Tuesday, August 14, 2012

When you read books to your child, what voices do you use?

Fairly early on in our relationship, I found out that @thestrollingmum really didn't like my terrible talent for daft accents and impressions, so for years those voices lay dormant except for moments when I could sneakily take them out for a stroll when she wasn't within earshot.

As soon as Charlotte was born, and I started reading to her, I found I could sneakily dust down those accents and impressions and use them to give life and form to the characters in Children's Books.

I'm not the only one. I know all of you out there in bookland secretly do this as well (Right, Binky?) and what's more, you love doing it. Quite rightly too!

So I'm interested to hear what voices you use, what accents and how you make an already engaging story that little bit more interesting vocally.

I'll start - here's a small selection of books and characters, and the voices I tend to slip into when reading them...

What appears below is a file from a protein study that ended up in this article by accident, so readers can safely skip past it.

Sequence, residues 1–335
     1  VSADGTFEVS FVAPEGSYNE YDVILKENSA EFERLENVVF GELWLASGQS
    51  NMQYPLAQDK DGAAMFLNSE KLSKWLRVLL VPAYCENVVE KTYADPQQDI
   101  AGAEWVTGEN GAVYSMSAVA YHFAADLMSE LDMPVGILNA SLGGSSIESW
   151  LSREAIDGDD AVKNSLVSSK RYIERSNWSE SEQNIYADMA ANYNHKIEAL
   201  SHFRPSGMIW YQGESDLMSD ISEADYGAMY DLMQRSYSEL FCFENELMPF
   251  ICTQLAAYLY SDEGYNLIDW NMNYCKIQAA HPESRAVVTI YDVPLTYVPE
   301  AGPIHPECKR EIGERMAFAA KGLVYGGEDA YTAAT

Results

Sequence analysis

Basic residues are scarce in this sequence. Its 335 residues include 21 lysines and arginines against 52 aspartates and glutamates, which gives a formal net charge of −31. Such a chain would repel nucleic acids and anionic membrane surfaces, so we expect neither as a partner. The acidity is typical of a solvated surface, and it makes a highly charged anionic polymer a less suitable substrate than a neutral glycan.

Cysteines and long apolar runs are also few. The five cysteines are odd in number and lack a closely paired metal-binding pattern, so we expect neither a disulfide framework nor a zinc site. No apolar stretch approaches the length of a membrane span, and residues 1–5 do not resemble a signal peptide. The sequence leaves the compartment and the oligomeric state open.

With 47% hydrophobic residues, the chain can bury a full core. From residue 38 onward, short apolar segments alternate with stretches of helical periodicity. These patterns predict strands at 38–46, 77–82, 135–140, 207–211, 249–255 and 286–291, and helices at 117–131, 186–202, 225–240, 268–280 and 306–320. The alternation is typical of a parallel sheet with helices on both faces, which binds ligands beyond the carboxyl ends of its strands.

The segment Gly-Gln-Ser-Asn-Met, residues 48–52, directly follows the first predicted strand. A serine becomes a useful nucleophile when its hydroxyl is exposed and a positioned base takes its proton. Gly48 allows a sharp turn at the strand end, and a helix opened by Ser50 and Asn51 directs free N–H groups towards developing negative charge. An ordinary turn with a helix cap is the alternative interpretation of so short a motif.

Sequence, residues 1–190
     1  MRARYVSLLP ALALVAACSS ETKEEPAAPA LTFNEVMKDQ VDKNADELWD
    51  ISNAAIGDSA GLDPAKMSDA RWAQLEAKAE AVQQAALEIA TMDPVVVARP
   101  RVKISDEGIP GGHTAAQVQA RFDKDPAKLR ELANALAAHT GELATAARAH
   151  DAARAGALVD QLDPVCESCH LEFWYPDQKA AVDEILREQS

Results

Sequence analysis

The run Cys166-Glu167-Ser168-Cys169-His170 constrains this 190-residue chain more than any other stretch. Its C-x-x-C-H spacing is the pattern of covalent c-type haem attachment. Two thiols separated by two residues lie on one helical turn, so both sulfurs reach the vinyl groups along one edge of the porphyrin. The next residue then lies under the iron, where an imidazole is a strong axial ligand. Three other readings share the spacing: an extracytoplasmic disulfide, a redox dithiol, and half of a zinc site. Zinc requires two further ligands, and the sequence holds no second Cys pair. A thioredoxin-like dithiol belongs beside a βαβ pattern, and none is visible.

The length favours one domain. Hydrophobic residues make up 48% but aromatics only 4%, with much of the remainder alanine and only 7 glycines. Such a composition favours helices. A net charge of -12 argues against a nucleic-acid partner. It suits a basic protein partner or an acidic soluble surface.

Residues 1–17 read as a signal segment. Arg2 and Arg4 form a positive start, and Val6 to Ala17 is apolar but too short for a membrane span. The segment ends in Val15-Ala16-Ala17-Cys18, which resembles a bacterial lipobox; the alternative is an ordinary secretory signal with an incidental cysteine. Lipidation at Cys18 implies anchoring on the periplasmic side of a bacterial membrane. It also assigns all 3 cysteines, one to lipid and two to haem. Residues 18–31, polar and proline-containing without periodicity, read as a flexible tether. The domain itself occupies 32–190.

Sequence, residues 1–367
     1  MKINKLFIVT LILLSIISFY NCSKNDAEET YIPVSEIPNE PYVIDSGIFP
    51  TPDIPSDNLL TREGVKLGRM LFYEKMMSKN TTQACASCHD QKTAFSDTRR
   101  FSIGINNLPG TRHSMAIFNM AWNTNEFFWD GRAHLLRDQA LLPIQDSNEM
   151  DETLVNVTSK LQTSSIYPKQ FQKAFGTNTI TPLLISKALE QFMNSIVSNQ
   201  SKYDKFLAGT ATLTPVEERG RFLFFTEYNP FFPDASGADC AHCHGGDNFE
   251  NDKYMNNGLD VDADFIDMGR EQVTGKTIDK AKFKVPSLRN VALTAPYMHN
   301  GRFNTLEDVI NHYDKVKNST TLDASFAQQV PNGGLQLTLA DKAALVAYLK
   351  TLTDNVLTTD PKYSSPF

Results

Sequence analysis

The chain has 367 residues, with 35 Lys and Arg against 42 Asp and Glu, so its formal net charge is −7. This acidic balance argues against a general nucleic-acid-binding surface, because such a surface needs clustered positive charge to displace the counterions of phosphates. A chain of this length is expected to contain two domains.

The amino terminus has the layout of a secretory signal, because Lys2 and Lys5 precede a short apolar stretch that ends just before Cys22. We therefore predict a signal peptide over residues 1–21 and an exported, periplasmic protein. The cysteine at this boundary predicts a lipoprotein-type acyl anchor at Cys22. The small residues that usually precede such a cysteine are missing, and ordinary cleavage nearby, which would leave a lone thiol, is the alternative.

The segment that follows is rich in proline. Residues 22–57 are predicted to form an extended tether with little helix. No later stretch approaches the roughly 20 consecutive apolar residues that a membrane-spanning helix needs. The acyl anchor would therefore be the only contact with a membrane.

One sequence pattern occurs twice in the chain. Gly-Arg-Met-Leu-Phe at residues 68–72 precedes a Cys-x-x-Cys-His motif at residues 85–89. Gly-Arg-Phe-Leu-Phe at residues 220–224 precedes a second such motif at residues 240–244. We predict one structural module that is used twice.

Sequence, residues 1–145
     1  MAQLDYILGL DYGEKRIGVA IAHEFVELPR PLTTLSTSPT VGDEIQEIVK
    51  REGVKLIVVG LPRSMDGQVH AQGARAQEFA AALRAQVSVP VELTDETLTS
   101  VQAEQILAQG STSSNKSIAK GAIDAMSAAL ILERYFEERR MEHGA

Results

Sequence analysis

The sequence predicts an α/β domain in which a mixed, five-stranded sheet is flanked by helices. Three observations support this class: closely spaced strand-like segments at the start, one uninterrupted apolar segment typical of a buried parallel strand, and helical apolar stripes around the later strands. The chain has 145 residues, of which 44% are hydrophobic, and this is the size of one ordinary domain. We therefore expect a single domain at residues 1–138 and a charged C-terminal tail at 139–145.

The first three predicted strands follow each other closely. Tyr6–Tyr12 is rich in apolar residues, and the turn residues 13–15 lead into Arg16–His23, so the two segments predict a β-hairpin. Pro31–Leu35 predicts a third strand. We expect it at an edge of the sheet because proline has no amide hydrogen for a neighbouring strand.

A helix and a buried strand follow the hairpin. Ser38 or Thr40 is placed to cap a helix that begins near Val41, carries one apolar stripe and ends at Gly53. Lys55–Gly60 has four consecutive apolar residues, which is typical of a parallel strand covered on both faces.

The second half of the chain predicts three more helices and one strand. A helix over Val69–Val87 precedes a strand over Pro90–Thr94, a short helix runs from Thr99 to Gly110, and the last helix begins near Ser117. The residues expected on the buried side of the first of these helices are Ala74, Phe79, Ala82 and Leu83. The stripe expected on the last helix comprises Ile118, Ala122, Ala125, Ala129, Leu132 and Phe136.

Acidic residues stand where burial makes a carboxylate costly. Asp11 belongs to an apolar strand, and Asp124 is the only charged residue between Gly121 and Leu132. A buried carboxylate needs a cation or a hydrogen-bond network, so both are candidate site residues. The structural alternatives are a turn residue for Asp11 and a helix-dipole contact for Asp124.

The Gruffalo / Gruffalo's Child (Julia Donaldson / Axel Scheffler).

Used to read The Gruffalo as a broad Glaswegian, long before I heard the TV version with Robbie Coltrane's dulcet tones as The Gruffalo. I also rather like James Corden's mouse, slightly high and squeaky with that air of being a bit of a smart alec. Previously I always read the mouse as a slightly nervous reedy little fellah.

The various animals range from a rather posh and snooty fox, to a hooty and hollow-sounding voice for the owl.

The Gruffalo's child, can't help reading her as a slightly raspy 'Violet Elizabeth / Bonnie Langford'.


Splat the Cat (Rob Scotton)

We got Splat the Cat as part of a Booktrust Bookstart pack and it's such an excellent little book. Splat himself was always a high pitched "Brummie" accent, a bit like "Small" in the TV show "Big and Small". His mum was a softer non brummie, but Mrs Wimpydimple is always read as a cross between Miss Marple and Molly Sugden.


The Very Hungry Caterpillar (Eric Carle)

I think it was the opening page of this book and the words "By the light of the moon, a little egg lay on a leaf" that made me think of "In The Night Garden" for some reason, so I find it impossible to read The Very Hungry Caterpillar without mimicking the narration style of Derek Jacobi. Soft and snuggly bedtime voice only for this one.

So over to you, how do YOU read to your child?


1 comment :

  1. Great post. It is true that we use different voices when reading books to our children. It is lovely.

    ReplyDelete

Your comments mean A LOT to us. Please drop a comment in this lovely box!

(We will moderate and remove offensive comment, spam or promotional posts)